Military Support Eases the Reality of War for Military Families
The military offers a lifetime of opportunities to young Americans and there families. Many young people see joining the military as a great escape to a better life, an education that is vital yet paid for, and security for their families. The military offer great incentives and benefits, but there is also the risk of being sent to war.
The immediate effects of war on family members of military personal are psychological including separation anxiety and the fear of losing a loved one. Many people see the military as a tough system which sends people to work or war and does not offer any repercussions. This is not the case. Reviewing the effects of separation anxiety and the fear of losing a loved along with the programs the military has set up to help families through this transition will enable others to see this is not a one sided phenomenon.
Separation anxiety occurs when families are separated effecting the spouse and children as well as the military personal, causing heartache for all parties involved. Spouses and children are often at the butt of separation anxiety especially during times of war. Children often have many questions regarding war and the concept of terrorism. The military has great services available to help families cope during this difficult time including local support groups and psychological support.
The military has also incorporated virtual help for deployed military personal. The thinking behinds this being that a soldier knows “that if his comrades see him talking with one of the shrinks on base, they would lose trust in him, label him a head case. A medical file soon would contain records of the visit. If he ever wanted a promotion, he’d have to explain the weakness of his mind”(Berton, 2004). So with virtual therapy nothing is displayed on the soldier’s record and the soldier receives the emotional support and help he needs to cope with this difficult time.
Fear of losing a loved one can lead to many types of psychological distress. This fear may cause anxiety or depression in family members. Beth Sneller gave some insight about military families “In some ways, they almost feel guilty. When many military parents hear about the death of a local soldier they think at first how glad they are it isn’t their child. But then, they say, that relief gives way to a deep feeling of sadness. ‘Every time you hear of a death, you can’t help but feel emotional for those poor parents’ said Rod (A father whose son is an army captain)” (Sneller, 2004, p. 13).
There fear of losing a loved one has many military families seeking support from local facilities or internet groups. The internet groups support those who have lost a loved one “so almost weekly, they say, they’re sending condolences to friends across the nation who have lost loved ones overseas. ‘Every single time a picture gets flashed across in the evening news, it’s deeply personal,’ said Nancy Manzie of Naperville, whose son, Brent Lewis, is in the inactive Marine reserves. Even if they don’t know the soldier (personally), they still feel a connection to his or her family” (Sneller, 2004, p. 13).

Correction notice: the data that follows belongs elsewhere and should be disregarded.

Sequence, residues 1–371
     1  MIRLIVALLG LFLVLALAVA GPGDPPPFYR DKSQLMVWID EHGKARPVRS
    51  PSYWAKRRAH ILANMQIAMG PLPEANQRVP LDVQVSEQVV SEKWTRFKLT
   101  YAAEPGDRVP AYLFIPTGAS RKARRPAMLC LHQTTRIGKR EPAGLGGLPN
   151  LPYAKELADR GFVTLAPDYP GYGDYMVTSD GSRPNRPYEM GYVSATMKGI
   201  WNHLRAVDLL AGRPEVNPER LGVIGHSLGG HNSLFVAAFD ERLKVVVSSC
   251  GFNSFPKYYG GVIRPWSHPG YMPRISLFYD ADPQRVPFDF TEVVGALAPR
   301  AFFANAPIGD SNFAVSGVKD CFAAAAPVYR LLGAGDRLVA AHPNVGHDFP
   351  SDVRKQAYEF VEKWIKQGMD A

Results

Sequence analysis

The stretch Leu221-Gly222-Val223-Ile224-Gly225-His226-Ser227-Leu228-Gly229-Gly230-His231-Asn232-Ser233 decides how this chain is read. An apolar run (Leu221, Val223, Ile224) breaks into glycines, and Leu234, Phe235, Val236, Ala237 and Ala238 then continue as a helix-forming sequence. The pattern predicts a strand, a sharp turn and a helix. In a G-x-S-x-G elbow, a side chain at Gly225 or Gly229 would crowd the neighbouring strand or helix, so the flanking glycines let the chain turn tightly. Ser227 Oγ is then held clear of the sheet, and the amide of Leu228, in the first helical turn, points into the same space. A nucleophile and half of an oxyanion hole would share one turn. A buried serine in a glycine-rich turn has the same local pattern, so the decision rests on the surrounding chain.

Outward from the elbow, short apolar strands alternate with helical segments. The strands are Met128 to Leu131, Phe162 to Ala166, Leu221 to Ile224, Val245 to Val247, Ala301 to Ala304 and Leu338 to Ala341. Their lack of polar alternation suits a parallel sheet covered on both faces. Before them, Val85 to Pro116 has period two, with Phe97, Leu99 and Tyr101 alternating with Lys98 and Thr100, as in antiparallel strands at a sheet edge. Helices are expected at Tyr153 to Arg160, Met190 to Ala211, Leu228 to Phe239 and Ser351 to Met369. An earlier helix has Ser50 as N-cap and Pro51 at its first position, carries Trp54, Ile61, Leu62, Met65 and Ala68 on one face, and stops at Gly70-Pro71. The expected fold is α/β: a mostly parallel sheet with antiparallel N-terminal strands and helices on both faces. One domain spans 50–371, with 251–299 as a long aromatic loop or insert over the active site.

When considering the military’s effect on society during our current war and wars of the past there has been a negative outlook among the public. There are rumors of injured soldiers not receiving proper medical care when they return home to the states. The tough and rigorous lifestyle causes people to shy away from seeking psychological help because of the way the will be viewed by their friends and peers.
“Army Reserve Sgt. Mike Durant, 33, who fought in Al Doha, Iraq, about 20 miles south of Baghdad from
February 2005 to January 2006, said the view toward therapy among the ranks was “comparable to what it was in the 1940s.” During his tour, Durant, who now lives in Sacramento, saw a friend blown up by an improvised explosive device. At the time, his wife at home was in the process of divorcing him. Durant admitted he had thought of killing himself. “I wanted the waiting to be over,” he said. “We’d do IED sweeps along the same roads, some days all day. You were just waiting for it to happen to you.
You were waiting to get blown up.” His officers ordered him to visit a field Combat Stress Center for a mandatory 72-hour evaluation. Even before he returned to his battalion, he knew his commanders had lost faith in him. Anyone who was shipped to the shrinks, or sought treatment, was a liability. “In their eyes, I was no longer reliable,” Durant said. “I couldn’t be trusted. I was unstable to them.
” Even though he had been a member of the unit for 10 years and had served as an infantry team leader who was responsible for three men, Durant said that, while he was not officially demoted on paper, his duties dropped from one of leadership to that of a rifleman. “Before I was sent there, I was fairly respected and highly regarded,” he said. After his time at the Combat Stress Center, Durant said, “Peers and friends didn’t want anything to do with me; it was like I had some sort of disease”(Burton, 2004).
The military still has strict over the top views about many things. It is important to keep in mind that the United States Military has been one of the strongest military forces in the world for hundreds of years. We as a nation are kept safe, happy, and considerably wealthy, compared to other countries, because of the strength of our military. The military is aware of the damage that can be done by separating a couple or a family and they take every step possible to ease the pain. There is compassion within the military, just not when it comes to warfare.
Sneller, B. (2004, October 13). For Military Families, Every Death Hits Close to Home. Daily Herald (Arlington Heights, IL), p. 13. Retrieved March 19, 2007, from Questia database: https://www.questia.com/read/1G1-123950032/for-military-families-every-death-hits-close-to-home